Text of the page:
There are just two packet types, supporting the request and response. Since both packets clearly identify the content being exchanged, multiple interested parties can share the same content. Unlike overlay broadcast techniques, however, the streams need not be synchronized. As content is consumed, the associated data is pushed closer to the edge of the network, naturally reducing latency and  the need to backhaul large amounts of traffic or depend on Internet routing. As the architecture is natively broadcast in nature, load balancing is also inherent to CCN.

A CCN node operates in a similar manner to a classic IP router. A longest-match lookup is first performed on the name in the incoming packet and a pipeline action is initiated accordingly. Unlike classic IP, which fundamentally prevents such shenanigans, CCN Forwarding Information Base (FIB) allows for a list of outgoing interfaces, rather than just a single one. Interfaces, being virtual or physical, are referred to as “Faces” in CCN parlance. This means CCN is not be constrained by classic Spanning Tree Protocols (STP), allowing for multiple data sources that can all be queried in parallel. Therefore, unlike an IP Content Store, CCN data is not simply forgotten the minute it's processed. As this self-identified and authenticated (secure) information does not change, it is stored for as long as possible so that others may consume it.

The Pending Interest Table (PIT) tracks interests from upstream sources, enabling data to be sent downstream to a consumer. As interest packets are sent upstream, they leave a trail of digital bread crumbs that the matching data follows back to the requestor. Once again, the symmetrical nature of CCN lends to its predictability, plus load-balancing across multiple faces is, once again, inbuilt.

Composing new networks

Name-driven content concentric networking communications are self-securing, flexible, resilient, scalable and highly programmable. They are sufficiently compatible with existing IP conventions to be incrementally deployable--even down to their ability to reuse unmodified interior gateway routing protocols such as IS-IS and OSPF–but are revolutionary enough to justify the infrastructure overhaul that 5G mandates. ICN provides the perfect foundation for low-latency, massively scaled IoT12 and fits well within virtualization frameworks for MEC and beyond.13

Information-centric networking may ultimately be both the enabler and driver for moving beyond simply new radio and deploying a complete 5G infrastructure. Drawing parallels with highly successful open-compute server models, composable networking is a software architecture philosophy that allows network architects to operators to choose the right combination of packet processing platforms, pipelines, network operating system and individual control-plane networking applications for each specific use case. Leveraging general-purpose compute platforms, composable networking reduces both capital and operational expenditures. It increases network agility, accelerates the velocity of innovation, eliminates vendor sales and support lock-in, and allows operators to exploit new, more powerful and feature-rich switching platforms and silicon ahead of typical technology adoption cycles.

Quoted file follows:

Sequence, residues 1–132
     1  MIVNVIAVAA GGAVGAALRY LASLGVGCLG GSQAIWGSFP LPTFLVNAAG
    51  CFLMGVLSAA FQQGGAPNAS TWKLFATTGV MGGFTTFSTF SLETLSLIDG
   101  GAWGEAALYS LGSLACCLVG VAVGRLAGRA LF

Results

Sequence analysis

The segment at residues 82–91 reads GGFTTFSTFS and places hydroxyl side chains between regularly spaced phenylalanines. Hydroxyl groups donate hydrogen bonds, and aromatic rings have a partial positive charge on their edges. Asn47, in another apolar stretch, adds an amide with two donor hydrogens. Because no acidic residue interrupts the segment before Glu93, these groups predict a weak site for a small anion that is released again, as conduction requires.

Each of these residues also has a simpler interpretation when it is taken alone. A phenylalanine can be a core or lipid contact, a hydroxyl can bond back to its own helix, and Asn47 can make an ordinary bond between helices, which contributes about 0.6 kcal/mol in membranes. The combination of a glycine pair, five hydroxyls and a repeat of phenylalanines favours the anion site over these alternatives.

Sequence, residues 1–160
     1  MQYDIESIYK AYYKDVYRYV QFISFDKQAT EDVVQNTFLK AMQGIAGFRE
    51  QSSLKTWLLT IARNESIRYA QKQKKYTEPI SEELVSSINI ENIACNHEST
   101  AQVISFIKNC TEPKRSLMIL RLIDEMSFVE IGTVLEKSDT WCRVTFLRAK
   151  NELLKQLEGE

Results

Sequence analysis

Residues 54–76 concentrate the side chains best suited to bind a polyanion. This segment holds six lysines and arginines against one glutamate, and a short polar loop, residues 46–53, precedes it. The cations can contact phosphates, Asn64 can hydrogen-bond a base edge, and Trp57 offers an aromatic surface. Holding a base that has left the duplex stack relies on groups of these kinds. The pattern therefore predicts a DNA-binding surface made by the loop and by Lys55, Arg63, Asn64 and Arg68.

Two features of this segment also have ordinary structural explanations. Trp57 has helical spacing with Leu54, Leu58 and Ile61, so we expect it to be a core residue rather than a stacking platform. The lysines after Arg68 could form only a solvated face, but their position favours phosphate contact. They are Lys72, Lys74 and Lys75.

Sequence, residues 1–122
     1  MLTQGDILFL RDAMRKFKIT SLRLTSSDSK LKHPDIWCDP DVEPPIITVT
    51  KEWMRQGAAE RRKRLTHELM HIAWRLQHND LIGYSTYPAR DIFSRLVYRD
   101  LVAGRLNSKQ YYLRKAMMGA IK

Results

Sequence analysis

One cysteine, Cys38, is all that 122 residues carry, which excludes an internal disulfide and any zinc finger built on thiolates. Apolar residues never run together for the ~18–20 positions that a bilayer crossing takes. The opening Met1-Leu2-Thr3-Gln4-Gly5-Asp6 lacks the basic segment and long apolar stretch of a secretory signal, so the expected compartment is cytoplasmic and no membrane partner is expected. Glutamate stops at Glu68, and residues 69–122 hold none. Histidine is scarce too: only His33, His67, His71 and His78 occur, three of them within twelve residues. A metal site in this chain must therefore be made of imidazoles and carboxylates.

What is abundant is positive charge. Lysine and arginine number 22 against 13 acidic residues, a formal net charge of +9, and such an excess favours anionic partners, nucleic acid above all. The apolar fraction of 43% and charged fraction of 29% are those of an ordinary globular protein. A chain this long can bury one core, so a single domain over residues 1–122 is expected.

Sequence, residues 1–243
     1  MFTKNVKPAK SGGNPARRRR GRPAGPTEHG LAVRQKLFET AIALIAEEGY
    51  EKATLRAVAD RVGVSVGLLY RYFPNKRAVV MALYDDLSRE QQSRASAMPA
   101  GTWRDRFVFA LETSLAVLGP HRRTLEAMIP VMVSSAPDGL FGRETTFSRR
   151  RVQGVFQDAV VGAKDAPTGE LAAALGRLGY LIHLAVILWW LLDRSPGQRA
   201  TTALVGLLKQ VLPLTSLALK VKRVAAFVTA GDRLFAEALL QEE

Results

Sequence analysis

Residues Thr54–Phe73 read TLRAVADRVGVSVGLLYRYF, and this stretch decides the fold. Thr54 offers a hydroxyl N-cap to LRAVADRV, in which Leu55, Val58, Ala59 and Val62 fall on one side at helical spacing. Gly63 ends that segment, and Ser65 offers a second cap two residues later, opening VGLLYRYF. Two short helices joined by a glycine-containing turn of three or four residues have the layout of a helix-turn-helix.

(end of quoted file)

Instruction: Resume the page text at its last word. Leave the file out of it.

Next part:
Not only do composable networking methodologies make the migration to 5G possible, this approach simplifies the introduction of revolutionary technologies, like content-centric networking.  5G is the nuclear event, but CCN ensures even the cockroaches don’t survive and we get to build everything from scratch without having to continue making concessions in the area of interworking: A fresh start--free of pests. So, the curtain may well be slowly closing on TCP/IP, but it’s the potential composability of 5G that will make the migration manageable


4. Obviously the TCP endpoints implement a finite state machine (, but the routers are blissfully unaware.
6. In all fairness, that’s not very long at my age, but standards hark back to around 1986, the same year I got into this business, and we are not exactly awash in multicast.
7. MEC was formerly known as mobile edge compute, but changed to include fixed-line. Hah. like anyone still cares about that.